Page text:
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What to expect for your child’s cochlear implant surgery

how to prepare for your child's cochlear implant surgery
On Friday, June 19, our little boy got cochlear implants. Leading up to surgery, I felt I had a pretty good idea of what to expect.

Still, nothing can really prepare you for your child’s cochlear implant surgery, which includes sending your child off with utter trust in their team, especially during a pandemic. Our experience was probably a little different for that reason, but I feel it’s important to share so that other parents can prepare accordingly for their child’s cochlear implant surgery. 

Pre-Op Prep

The morning of June 19, we had to be at the hospital and checked in by 6 a.m. And when I say we, I mean just me and Coop. Due to the COVID-19 pandemic, only one parent was allowed to be at surgery. We got a hotel nearby and my husband stayed there so that he was close if need be. 

Upon getting to the pediatric surgery floor, we checked in and went over all our insurance information. We were taken back to the pre-op area fairly quickly. At this point, Coop was beginning to get agitated due to not being able to eat when he woke up, as well as being woken up earlier than normal. 

A few different nurses and the anesthesiologist stopped in to chat with me about what to expect that morning. The biggest challenge was just to keep Cooper content until they could take him to the OR at 7:30. The hospital staff was great about bringing us toys and bubbles, which distracted him for the most part.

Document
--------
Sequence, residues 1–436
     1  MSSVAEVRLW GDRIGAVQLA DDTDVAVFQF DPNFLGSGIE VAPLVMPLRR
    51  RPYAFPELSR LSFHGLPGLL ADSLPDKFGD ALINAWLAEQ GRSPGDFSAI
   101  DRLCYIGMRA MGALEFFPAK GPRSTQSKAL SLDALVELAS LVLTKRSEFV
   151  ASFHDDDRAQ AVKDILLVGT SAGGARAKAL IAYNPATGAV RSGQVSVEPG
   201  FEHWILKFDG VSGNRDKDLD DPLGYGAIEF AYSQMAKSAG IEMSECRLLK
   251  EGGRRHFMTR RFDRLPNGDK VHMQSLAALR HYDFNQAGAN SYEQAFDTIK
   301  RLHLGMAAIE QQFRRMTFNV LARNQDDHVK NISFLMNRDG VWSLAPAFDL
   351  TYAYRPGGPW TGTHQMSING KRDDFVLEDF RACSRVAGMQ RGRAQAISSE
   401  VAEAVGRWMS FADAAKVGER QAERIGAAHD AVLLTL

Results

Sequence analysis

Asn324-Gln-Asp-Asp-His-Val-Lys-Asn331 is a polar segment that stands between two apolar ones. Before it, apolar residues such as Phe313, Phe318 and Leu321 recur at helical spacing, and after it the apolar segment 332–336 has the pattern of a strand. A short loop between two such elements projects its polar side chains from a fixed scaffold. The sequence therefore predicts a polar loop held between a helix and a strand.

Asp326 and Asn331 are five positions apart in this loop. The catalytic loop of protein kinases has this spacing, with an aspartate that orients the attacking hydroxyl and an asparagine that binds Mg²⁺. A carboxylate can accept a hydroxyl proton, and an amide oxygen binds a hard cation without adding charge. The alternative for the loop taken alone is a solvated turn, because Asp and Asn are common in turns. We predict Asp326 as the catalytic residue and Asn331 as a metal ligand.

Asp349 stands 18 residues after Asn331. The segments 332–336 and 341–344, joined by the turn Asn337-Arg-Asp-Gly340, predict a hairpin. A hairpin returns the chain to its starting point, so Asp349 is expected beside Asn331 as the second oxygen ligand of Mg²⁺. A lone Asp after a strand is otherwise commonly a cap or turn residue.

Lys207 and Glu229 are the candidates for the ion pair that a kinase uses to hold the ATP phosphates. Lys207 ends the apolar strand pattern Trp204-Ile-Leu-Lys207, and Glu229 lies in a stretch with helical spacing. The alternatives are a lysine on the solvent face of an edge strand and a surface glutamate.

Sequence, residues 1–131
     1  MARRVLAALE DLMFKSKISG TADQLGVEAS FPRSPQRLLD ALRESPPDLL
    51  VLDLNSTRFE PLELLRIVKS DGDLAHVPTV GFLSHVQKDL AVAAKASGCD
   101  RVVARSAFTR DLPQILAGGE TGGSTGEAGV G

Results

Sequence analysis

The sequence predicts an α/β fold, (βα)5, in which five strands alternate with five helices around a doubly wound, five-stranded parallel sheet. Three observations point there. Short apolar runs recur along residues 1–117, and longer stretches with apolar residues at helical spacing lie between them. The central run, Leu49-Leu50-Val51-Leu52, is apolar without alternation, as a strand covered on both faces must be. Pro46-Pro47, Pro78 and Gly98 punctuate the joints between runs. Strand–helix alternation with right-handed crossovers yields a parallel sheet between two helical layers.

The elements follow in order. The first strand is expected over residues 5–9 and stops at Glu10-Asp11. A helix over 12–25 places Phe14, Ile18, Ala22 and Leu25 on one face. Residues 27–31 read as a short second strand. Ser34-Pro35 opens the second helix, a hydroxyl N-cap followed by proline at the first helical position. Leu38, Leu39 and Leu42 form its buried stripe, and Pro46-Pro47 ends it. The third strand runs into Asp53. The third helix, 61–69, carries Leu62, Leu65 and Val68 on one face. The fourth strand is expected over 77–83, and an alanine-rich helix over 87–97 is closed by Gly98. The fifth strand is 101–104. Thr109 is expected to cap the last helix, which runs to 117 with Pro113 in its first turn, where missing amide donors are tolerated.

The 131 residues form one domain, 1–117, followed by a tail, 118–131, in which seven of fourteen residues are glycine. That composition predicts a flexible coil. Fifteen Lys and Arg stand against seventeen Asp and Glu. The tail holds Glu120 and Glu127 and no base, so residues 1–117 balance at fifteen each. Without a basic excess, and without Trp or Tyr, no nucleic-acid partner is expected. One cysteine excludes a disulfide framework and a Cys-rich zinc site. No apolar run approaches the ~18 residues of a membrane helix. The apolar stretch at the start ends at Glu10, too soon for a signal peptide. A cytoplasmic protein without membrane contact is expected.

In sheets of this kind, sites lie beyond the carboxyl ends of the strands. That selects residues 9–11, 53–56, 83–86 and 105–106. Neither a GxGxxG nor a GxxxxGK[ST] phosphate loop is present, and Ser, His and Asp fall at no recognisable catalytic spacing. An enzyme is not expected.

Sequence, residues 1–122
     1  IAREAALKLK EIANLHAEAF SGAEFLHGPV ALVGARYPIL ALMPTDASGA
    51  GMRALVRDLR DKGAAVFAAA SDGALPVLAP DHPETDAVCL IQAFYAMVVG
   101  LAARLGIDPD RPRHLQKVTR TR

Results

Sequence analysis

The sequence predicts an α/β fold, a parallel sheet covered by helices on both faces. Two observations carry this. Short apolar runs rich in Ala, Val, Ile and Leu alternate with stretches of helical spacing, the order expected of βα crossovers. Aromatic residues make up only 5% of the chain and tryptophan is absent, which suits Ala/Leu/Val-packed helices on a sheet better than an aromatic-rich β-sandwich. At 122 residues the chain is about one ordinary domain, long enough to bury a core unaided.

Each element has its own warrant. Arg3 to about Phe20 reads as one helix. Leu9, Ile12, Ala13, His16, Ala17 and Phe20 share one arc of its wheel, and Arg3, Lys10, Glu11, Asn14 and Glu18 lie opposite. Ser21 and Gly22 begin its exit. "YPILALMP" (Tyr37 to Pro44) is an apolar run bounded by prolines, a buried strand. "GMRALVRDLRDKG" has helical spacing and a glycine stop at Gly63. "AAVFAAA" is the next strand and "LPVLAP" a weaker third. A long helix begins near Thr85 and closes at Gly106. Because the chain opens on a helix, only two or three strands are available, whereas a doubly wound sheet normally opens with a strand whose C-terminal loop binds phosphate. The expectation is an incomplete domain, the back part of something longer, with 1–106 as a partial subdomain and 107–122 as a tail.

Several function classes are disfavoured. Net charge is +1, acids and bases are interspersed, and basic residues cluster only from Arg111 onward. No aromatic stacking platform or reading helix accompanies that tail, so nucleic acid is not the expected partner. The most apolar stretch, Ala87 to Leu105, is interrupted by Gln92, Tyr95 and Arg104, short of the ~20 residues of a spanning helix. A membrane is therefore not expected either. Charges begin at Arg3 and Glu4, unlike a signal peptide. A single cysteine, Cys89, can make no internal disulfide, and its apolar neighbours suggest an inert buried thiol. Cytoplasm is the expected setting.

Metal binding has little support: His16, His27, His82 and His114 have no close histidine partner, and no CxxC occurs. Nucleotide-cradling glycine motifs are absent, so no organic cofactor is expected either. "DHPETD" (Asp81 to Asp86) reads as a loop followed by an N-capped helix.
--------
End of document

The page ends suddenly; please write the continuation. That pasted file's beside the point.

Around 7 a.m., a nurse gave Coop some medication to basically relax him before they took him back. This made him fairly zoned out, which was unsettling to see. At this point, my nerves hit and I began crying into him as he laid in the bed, unaware of what was going on. 

After the medication had settled in, it was time for him to be taken back. I was able to walk down the hall with him, then handed him off to a nurse to carry him the rest of the way. Then, in the spirit of transparency, I wheeled my stroller into the bathroom and had a good sob session. I know it would have been easier had my husband been there, but there was something about being all alone that just got to me. 

Read more: What to do early on for your deaf baby

Cochlear Implant Surgery 

There isn’t tons to report here, simply because my job was just to wait. I knew what was happening in the OR due to prior research and discussions with his surgeon, as well as watching YouTube videos of the procedure. For me, knowing exactly what will happen gives me a sense of control and the ability to be calmer. 

In most cases, bilateral cochlear implants take about four hours. I believe total, it was about four and a half hours for Coop. I was updated periodically and was told when they finished one ear and moved to another. Still, four hours is a long time to just wait. I did try to work and distract myself, then went to find some coffee, which helped the time pass.